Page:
Good News, Bad News for the Tampa Bay Lightning

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Good News, Bad News for the Tampa Bay Lightning
Al Bello/Getty Images

The Tampa Bay Lightning's starting goaltender, Mike Smith, has not sustained another concussion, easing the fears of many Lightning fans. Meanwhile, his hockey team lost a critical two points in the standings, blowing a 2-1 lead in the third period to the rival Florida Panthers.

Smith said he is suffering from a "stiff neck" and "black dots" in his vision but was not suffering any effects from a concussion.

"I know at least it wasn't my head. I know the symptoms, I know what goes on and have a better understanding of why my vision was what it was," Smith told reporters. "So right now it's just getting the neck feeling better and that will take care of all the rest of what's going on with my vision."

Smith is listed as day-to-day with an upper body injury and is receiving treatment for the neck. As for him stumbling on the ice, that was apparently due to faulty skates.

"I know there's been some talk that he stumbled [a couple of times on the ice after the hit] but he had an issue with his skates," Lightning Trainer Tom Mulligan said. "There are no headaches, no memory loss, no fatigue and right now it's just neck pain."

Smith explained that the black dots typically appear during times of intense pain.

"It's not anything like a concussion symptom," Smith told the Tampa Tribune . "It's more like those black dots I had that are still kind of lingering around and when things get tightened up in the back of my neck those tend to get a little worse."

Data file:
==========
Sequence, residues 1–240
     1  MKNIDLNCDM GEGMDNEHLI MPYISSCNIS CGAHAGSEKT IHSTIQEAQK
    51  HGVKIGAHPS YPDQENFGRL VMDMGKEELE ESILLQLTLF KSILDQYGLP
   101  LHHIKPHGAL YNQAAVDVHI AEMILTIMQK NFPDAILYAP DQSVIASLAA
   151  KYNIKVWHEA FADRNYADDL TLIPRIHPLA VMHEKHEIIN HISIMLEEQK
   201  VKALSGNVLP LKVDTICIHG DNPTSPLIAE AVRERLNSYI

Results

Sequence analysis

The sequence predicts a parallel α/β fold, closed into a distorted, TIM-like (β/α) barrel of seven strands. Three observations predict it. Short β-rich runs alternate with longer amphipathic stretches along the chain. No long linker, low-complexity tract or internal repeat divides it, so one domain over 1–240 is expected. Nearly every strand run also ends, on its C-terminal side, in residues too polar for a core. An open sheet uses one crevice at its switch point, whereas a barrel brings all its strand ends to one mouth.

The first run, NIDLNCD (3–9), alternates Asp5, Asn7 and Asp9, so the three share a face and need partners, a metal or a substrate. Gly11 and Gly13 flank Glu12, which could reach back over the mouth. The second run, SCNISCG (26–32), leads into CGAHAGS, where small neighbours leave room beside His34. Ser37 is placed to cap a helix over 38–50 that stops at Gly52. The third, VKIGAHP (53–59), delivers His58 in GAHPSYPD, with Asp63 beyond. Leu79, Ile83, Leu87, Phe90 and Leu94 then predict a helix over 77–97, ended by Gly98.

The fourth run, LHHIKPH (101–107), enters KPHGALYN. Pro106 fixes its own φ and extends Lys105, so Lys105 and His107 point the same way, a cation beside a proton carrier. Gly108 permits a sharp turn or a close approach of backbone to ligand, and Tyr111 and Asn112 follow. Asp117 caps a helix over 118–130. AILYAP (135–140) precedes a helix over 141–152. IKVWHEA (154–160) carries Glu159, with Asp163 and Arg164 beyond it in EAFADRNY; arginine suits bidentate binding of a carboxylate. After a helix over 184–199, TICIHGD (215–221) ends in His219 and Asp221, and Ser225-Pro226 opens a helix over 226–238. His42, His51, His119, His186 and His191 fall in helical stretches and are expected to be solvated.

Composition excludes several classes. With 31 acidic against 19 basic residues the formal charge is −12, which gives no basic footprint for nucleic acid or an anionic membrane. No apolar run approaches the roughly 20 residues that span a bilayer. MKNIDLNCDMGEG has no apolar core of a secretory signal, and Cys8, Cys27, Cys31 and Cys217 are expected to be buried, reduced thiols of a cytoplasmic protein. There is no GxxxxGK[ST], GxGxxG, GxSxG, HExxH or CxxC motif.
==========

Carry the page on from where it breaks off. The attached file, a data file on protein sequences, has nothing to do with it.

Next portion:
While Smith struggled with his neck, his hockey team struggled on the ice. After the tremendously emotional war with the Washington Capitals, the Lightning appeared disinterested in their battle with the Florida Panthers.

While goals from Jeff Halpern and Steven Downie gave Tampa Bay a 2-1 advantage going into the third period, Tampa Bay's forecheck was non-existent in the final stanza.

The Panthers were able to easily exit their own zone and skate across the blue line as the Lightning defense turtled in retreat. It would only be a matter of time before the Panthers finally broke through, and eventually, thanks to two mistakes by young defenseman Victor Hedman, they did.

On the tying goal, Hedman tried to pinch in the offensive zone without back line help and he failed to secure the puck, which was chipped behind him, generating an odd-man rush that Corey Stillman converted to tie the game at two.

A minute later, Hedman mishandled a pass from Paul Szczechura, fumbling it to the Panthers Rostislav Olesz, who took two strides then blasted the biscuit past goaltender Antero Niittymaki to give Florida the advantage with under eight minutes left in the game.

Hedman can't be completely held at fault though, as the Lightning playmakers really didn't challenge Florida goalie Thomas Vokoun at all on this night.

Even a penalty shot awarded late in the game to Martin St. Louis wasn't much trouble for the stingy Florida netminder as St. Louis skated in too slowly, allowing Vokoun to settle and easily glove St. Louis' low wrist shot.

The Jekyll and Hyde routine for this hockey team is beginning to wear on fans and team members alike.

"We just have to realize how we want to play and what kind of a team we want to be," defenseman Andrej Meszaros said. "Those two points (last night) were huge for us and we didn't win it. These games at home at this point in the season, we have to win, there is no question about that."

"Every time we get to that .500 level, we just can't climb over it," Tampa Bay Lightning coach Rick Tocchet said. "I wish we had a little more inspired play by some guys."

In the last five years, an average of 93 points has been good enough to be a member of the elite eight in the Easter Conference. As Tampa Bay stands at 46 points with 36 games left to play, the Lightning need 47 of the possible 72 points remaining.

Until the Tampa Bay Lightning learn how to deal with success and develop some consistency, the playoffs will remain just out of reach.

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